“European approval was grandfathered in before Brexit, so we can sell in the UK and throughout Europe legally,” Fried told us. “Certain countries have cross-border options where a third-party platform can be used to sell the product. In China, we sell on cross-border platforms T-mall and JD.com. We also sell on Amazon Japan.”

How did Fried balance the huge market of cheaper prices with other areas of pharmaceutical retail, such as health stores?

“One learns from one market and tries to apply the lessons to others,” Fried told us.

“But the truth is every market is different; consumer behaviour varies by country, and so does the infrastructure. While there are similarities, the regulatory requirements also tend to vary.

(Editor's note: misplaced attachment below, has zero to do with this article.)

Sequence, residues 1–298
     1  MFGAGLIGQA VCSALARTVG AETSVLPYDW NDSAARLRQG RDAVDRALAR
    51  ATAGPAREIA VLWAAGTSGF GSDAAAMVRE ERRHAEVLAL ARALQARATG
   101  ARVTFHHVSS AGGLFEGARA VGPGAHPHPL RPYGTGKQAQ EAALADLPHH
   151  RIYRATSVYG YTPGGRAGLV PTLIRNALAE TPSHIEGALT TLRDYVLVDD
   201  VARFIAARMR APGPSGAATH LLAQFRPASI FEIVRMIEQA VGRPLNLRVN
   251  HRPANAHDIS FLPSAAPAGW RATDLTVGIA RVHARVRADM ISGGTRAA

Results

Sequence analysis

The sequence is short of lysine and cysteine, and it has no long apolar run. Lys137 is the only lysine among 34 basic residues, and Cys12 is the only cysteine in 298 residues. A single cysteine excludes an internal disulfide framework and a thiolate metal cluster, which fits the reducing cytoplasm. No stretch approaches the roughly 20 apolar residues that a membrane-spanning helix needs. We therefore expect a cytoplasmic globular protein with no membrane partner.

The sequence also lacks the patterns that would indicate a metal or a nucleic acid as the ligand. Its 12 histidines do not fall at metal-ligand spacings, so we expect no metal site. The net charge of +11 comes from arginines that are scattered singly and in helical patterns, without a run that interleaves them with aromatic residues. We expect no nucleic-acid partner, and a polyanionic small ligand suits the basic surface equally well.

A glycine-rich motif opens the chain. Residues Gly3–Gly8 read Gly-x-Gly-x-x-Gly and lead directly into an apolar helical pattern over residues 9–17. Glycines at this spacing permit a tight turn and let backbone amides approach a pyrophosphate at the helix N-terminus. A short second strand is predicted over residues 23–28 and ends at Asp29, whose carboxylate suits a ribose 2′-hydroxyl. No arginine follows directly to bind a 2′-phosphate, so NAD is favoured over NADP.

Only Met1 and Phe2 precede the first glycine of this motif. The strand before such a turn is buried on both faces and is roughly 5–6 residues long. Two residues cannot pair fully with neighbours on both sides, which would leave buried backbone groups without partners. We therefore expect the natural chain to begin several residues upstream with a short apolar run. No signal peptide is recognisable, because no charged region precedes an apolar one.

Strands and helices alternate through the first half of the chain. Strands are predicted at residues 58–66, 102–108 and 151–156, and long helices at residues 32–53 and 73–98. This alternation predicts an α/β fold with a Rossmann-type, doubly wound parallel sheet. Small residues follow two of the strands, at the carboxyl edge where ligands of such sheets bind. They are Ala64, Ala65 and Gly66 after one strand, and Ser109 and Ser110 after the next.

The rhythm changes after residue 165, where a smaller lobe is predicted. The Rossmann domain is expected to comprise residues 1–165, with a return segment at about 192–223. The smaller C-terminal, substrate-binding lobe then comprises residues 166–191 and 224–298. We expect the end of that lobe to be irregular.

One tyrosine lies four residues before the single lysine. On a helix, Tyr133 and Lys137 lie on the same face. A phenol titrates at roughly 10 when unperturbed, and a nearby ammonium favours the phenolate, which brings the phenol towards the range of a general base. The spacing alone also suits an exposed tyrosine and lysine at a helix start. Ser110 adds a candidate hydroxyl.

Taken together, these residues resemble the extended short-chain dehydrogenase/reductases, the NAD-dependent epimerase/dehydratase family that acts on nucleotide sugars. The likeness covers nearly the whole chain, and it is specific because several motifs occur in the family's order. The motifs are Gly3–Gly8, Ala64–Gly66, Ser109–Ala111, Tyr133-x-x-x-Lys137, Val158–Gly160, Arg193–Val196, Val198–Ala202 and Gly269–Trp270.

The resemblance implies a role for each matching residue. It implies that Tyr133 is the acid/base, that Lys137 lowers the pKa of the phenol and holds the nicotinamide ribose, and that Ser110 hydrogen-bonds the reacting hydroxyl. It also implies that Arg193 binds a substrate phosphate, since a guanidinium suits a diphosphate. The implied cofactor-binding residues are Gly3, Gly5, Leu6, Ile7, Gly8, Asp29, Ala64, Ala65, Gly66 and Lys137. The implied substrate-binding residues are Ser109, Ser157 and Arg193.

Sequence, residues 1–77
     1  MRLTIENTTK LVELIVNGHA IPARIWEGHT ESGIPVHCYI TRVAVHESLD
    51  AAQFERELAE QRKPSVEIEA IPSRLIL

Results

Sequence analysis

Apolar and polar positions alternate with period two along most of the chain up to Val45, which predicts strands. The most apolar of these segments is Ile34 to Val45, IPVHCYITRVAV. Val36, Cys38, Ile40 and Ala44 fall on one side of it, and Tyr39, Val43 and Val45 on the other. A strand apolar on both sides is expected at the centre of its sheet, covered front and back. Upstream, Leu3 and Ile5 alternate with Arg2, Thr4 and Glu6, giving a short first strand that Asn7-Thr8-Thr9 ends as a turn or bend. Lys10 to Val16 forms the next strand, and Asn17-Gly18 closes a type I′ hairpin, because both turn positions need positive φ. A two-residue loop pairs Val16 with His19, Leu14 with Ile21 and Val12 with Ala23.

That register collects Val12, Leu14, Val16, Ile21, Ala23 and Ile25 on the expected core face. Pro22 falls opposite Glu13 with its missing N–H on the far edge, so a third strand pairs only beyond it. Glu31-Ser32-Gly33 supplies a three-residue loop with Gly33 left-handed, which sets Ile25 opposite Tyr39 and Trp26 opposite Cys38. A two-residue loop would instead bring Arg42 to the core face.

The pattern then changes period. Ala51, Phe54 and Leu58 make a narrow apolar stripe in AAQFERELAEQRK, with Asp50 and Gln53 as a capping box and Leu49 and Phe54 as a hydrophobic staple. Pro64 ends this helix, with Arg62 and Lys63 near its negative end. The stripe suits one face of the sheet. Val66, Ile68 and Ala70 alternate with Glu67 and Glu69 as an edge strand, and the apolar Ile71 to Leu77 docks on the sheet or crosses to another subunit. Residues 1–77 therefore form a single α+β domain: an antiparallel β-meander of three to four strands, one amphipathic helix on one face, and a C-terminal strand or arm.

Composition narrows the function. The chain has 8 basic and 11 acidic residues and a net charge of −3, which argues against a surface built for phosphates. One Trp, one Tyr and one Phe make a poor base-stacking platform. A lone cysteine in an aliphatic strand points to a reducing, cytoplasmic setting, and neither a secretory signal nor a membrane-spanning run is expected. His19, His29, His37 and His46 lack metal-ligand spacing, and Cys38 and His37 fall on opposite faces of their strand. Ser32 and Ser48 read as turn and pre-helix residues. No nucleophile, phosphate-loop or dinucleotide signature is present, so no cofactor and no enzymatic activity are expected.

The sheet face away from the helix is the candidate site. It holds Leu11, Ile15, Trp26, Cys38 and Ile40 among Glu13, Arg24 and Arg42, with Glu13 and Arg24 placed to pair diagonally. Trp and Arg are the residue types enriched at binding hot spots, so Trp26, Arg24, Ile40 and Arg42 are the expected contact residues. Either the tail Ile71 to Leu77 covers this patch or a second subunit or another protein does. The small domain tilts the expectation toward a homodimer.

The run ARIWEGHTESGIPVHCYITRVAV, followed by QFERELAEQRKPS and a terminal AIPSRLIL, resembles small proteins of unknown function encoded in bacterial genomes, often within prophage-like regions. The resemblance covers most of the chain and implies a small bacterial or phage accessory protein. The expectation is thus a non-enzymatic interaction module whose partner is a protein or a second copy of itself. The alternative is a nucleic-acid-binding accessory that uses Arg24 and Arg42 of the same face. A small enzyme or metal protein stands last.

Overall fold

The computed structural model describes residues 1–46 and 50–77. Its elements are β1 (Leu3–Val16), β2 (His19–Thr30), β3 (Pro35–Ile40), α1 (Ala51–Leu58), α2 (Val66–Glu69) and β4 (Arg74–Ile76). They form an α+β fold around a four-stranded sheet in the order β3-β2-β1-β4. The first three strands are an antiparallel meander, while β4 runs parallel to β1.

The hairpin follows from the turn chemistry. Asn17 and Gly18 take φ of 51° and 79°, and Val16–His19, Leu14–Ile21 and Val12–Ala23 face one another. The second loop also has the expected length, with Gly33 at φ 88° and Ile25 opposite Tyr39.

“For NAD, there is an undisputed relationship between elevated NAD levels and mitochondrial function and virtually every disorder associated with aging.”

 


 

“For example, in some markets, we’ve determined that the best way to pursue it is with a third-party distributor, and we will craft an agreement to include rights ranging from e-commerce sales to retail healthcare practitioner distribution.

“In some cases, it’s a multivariate approach where we have distributors, along with our own direct-to-consumer presence. In order to do all of those things, one needs complete health regulatory approval, which we did get initially. The EU is a little more complicated, but we do have an agreement with Superdrug in the UK and also sell on Amazon.”